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  1. I'll try to make this short since I'm sure you all have heard the same thing a million times. So first off I'm using wbs. I prepped it by thoroughly cleaning and sifting the seed then adding boiling water to the bucket and cover for 90 min. I used this power cooker for sterilization which I'm worried might be why I'm not seeing any growth in my jars yet (it's been 5 days since innoculation with a spore syringe) and I used the steam canning setting at 13 psi for 120 min. After I put them in a tub over night. Covered with aluminum foil. The next day I inoculated in very clean conditions, naked after taking a shower, gloves, 91% rubbing alcohol, flame sterilized the needle after every jar, everything but a still air box. Then I immediately put them in a box in a cabinet above the fridge. And as I said it's been 5 days with nothin. I would continue to be patient but I have a feeling something isn't right and my first thought is the type of pressure cooker I used as it will only go up to 13 psi. I know you should do it at 15. So is that a difference that would not allow for proper sterilization? They were semi damp when inoculated. But are dry now as you can see from the pictures. This is my first attempt and I'd love any advice I can get thanks! I have mostly been following the Rex effect tek by Mush Zombie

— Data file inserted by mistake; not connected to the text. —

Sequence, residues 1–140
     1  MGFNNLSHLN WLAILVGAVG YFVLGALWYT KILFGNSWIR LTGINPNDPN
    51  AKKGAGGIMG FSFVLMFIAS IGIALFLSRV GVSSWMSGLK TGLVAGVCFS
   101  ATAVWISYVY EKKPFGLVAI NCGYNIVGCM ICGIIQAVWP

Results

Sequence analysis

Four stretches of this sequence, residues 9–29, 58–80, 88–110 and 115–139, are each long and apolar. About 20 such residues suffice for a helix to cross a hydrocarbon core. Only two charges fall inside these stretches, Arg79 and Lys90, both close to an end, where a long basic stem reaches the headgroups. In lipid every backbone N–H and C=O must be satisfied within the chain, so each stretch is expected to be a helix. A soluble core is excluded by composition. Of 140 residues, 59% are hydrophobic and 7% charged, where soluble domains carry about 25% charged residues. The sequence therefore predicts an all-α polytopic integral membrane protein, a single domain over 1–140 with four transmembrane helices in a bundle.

2. Str0be's NO FAIL WBS Tek PLEASE FIND STR0BE'S UPDATED NO FAIL WBS TEK V2 HERE (CLICK) This is my Wild Bird Seed (WBS) Tek that I have been using now for quite some time with 100% sucess. I like to use WBS because it is the cheapest and mort efficient spawn to use, and because I cannot find Rye grains locally. Before using this method contamination was a huge problem for me. I tried 4 or 5 different WBS preps / teks and kept having contamination problems. I have had no contamination at all since I switched to this method. I have added my own variations / secrets which have given me improved success as well. . If you follow along step by step, you should lessen, if not completely iliminate any contamination problems you are having THINGS YOU WILL NEED - Pressure Cooker - 5 Gallon Bucket with Sealing Lid - Wild Bird Seed - Large pot for boiling Water - Screen - Vermiculite - 1/3 Measuring Cup - Quart Sized Mason Jars - Hammer and 1/4" Diameter Nail OR 1/4" Drill and Bit - Post office Tyvek Envelopes - Aluminum Foil INFO ON WILD BIRD SEED Any brand of Wild Bird seed will work so long as it does not contain any fungicides. When looking at the back ingredients, Potassium Iodide is a normal additive and is not considered a fungicide. When looking for a type of WBS to buy, I look for one that is mostly Milo and Millet, and has not as much or very little Sunflower seeds. Two brands that are good are Pennington's Classic, and Walmart's Economy Wild Bird Feed Mix. - INSTRUCTIONS 1. The first thing I always do is get my pot of water boiling. Your going to need about 1 - 2 gallons of water (enough to fill the bucket 1/3 the way). So get that into a pot and get it boiling on the stove ASAP. HINT: I usually throw on a lid on the pot just to make it boil faster. 2. The next thing that I always am thinking is how many jars I want to be making at a time. My pressure cooker is a 16 Quart, and can only do 7 Jars at a time. Sometimes I will do less than 7 jars if other things need to be put in their place. You might have a better pressure cooker that can hold 10 jars, so I will include the measurements for all. 2 Full Quarts of dry WBS = 5 Quarts Finished WBS 3 Full Quarts of dry WBS = 7 Quarts Finished WBS 4 Full Quarts of dry WBS = 10 Quarts Finished WBS 3. I measure out the amount of dry WBS that will be needed and pour it all into the 5 gallon bucket. HINT: Add an extra 1/3 of a jar to the bucket to buffer for the sunflower seeds being removed. HINT: You want to make sure that the bucket you are using has a good sealing lid. The orange Homer Buckets from Home Depot are perfect. They are $3 each and have a rubber ring in the lid to hold a perfect seal. 4. The next step will be to get rid of as many sunflower seeds as we can. The sunflower seeds can be over hydrated, and cause bacterial growth, which will mess up your jars. We do this by filling the bucket about half way with water. All the sunflower seeds will float to the surface, and you simply scoop them out and throw them away. Remember to run your hands through the WBS in the bottom to get any sunflower seeds that are stuck down below. This step does not have to be perfect, nor does every single sunflower seed have to be removed; just try to get most of them. 5. Now we need to get rid of the water, or at least most of it, from the bucket. I usually put the window screen over the top of the bucket, and pour as much water out as I can. 6. By this time, the pot of water is usually done boiling. It doesn't have to be a rapid boil, and you don't need to time it, just as soon as you see the boiling bubbles appear; it is ready to be used. 6a. You want to pour the boiling water into the bucket so that there is twice as much water as WBS. HINT: I usually stick my finger into the WBS to see the depth, then find a mark on the bucket that equals twice that depth. 6b. Once you pour the water into the bucket, quickly apply the lid, and make sure that it is secure to create a perfect seal. It is normal to have the lid bubble up. In fact, this is a key part of this step. 6c. Put your timer on 45 - 90 Minutes. 90 Minutes is preferable. 7. In the meantime, we will be prepping the Lids to the jars. If you already have your own lids from previous jars or teks, then by all means, use those. There is no right or wrong kind of lids to use as long as they allow gas exchange and you know they work. I am including instructions for the ones that work for me. 7a. Flip your lid so that they are rubber side up, and use your hammer and nail, or drill and bit to make a hole in the center. You want the hole to be about 1/4 inch. 7b. Get out your tyvek envelope and trace around the edge of the lid. Use sciscors or razor blade to cut out the discs. - 8. Next get out your measuring cup, and put 1/3 cup of Vermiculite into each of your jars. - - 9. By now the 45 minute timer has probably gone off. Its time to clean and air dry your WBS. 9a. Place the screen over your sink, or even over a large storage bin, and pour out all the WBS onto the screen. Give it a good rinse to clean off all the WBS. 9b. Spread it all out over the screen, and allow it to air dry for 20 minutes. 10. After 20 minutes of drying has gone by, your WBS is ready to be loaded into the jars. It is most likely still quite wet, but this is ok. The Vermiculite in the bottom of the jars is there to absorb the excess water. Fill each jar about 2/3 of the way up. - HINT: You can use the Ball or Kerr symbols as reference points for a good depth. Fill the WBS to about the middle of that writing. 11. Now clean the inside neck / rim of the jar with a paper towel. 12. Next it is time to put the lids on the jar. 12a. Start by puttin the lid on rubber side up. 12b. Then we want to put on our tyvek disk that we cut out earlier and add the band. HINT: Put the Tyvek disk on the band first, and then screw the band on. I find it makes a better fit for the tyvek, and usually does not create bubbles. 12c. Tighten it down. 13. Next put a square of Aluminum foil to prevent any extra moister from getting in, and loosen the lids 1/4 turn. 14. Load jars into your pressure cooker, and pressure cook @ 15 PSI for 90 minutes. 15. Once the time is up, remove the pressure cooker from the heat. Wait until the pressure reaches 0 and the lock drops and continue on to step 16. 16. Once the pressure cooker is fully cooled its time to open it up to tighten the lids. 16a. Wearing a pair of winter gloves, an oven mit or a rag, remove each jar and tighten the lid down tight. 16b. You want to shake each jar to distribute the water and loosen up the WBS without disturbing the vermiculite at the bottom. I find it best to hold the jar at an angle with one hand, and hit the top with the other. If done correctly only the WBS should move, and the vermiculite should stay in place. HINT: Sometimes WBS gets between the metal lid and the tyvek, which is really annoying to me. Then you can mess up your tyvek and or your jars when trying to fix it. Stop this from happening ahead of time by keeping a finger over the 1/4" hole while shaking. 16c. Allow the jars to cool. This usually takes about 7 - 10 hours. It is easiest if you allow the jars to cool overnight. 17. Give the jars one last shake before inoculation. Do the same shake as before to distribute the water and loosen the WBS, but without disturbing the vermiculite in the bottom. INOCULATION Next its time to inoculate your jars. It is best to do this inside a glovebox, such as my High Quality Glovebox. By following the steps below, you can have fully colonized jars in as little as 7 - 14 days. 1. As stated in step 17 above, you want to give the jars one last shake before inoculating. 2. Wipe off the tyvek lid of the jar with isopropyl rubbing alcohol. 3. Flame sterilize and or rub needle tip with isopropyl rubbing alcohol before inserting syringe into center of tyvek / center of jar lid. 4. Point the needle at an angle so it is pointing at the glass, and shoot in 4CC MAX of your favorite Spore or LC Syringe, while slowly rotating the jar so that you get 360 degree even distribution of your inoculant. 5. Place a piece of micropore tape over the needle hole on the tyvek lid, and label your jars. 6. Put the jars into your Incubation Chamber, and you should have quality spawn ready for use in as little as 7 - 14 days! - -